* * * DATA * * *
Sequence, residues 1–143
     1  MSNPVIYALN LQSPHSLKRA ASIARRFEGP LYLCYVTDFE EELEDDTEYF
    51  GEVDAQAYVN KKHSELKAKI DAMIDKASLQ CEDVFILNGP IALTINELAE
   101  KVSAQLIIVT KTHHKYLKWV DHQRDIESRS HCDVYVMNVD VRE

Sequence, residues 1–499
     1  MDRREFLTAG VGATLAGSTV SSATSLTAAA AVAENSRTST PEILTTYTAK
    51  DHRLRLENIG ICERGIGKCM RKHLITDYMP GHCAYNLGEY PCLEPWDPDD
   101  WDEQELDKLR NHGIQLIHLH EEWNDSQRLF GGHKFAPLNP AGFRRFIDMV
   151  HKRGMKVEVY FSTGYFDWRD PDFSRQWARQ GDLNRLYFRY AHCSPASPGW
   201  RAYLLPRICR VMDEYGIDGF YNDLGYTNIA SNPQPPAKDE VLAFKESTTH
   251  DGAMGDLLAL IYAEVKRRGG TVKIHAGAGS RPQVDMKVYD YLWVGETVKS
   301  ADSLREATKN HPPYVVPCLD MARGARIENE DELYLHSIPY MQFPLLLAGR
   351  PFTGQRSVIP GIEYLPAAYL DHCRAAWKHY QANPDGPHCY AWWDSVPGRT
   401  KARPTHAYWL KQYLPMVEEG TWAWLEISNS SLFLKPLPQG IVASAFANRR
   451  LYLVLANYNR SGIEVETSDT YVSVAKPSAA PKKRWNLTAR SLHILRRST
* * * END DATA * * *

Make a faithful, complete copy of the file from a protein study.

Sequence, residues 1–143
     1  MSNPVIYALN LQSPHSLKRA ASIARRFEGP LYLCYVTDFE EELEDDTEYF
    51  GEVDAQAYVN KKHSELKAKI DAMIDKASLQ CEDVFILNGP IALTINELAE
   101  KVSAQLIIVT KTHHKYLKWV DHQRDIESRS HCDVYVMNVD VRE

Sequence, residues 1–499
     1  MDRREFLTAG VGATLAGSTV SSATSLTAAA AVAENSRTST PEILTTYTAK
    51  DHRLRLENIG ICERGIGKCM RKHLITDYMP GHCAYNLGEY PCLEPWDPDD
   101  WDEQELDKLR NHGIQLIHLH EEWNDSQRLF GGHKFAPLNP AGFRRFIDMV
   151  HKRGMKVEVY FSTGYFDWRD PDFSRQWARQ GDLNRLYFRY AHCSPASPGW
   201  RAYLLPRICR VMDEYGIDGF YNDLGYTNIA SNPQPPAKDE VLAFKESTTH
   251  DGAMGDLLAL IYAEVKRRGG TVKIHAGAGS RPQVDMKVYD YLWVGETVKS
   301  ADSLREATKN HPPYVVPCLD MARGARIENE DELYLHSIPY MQFPLLLAGR
   351  PFTGQRSVIP GIEYLPAAYL DHCRAAWKHY QANPDGPHCY AWWDSVPGRT
   401  KARPTHAYWL KQYLPMVEEG TWAWLEISNS SLFLKPLPQG IVASAFANRR
   451  LYLVLANYNR SGIEVETSDT YVSVAKPSAA PKKRWNLTAR SLHILRRST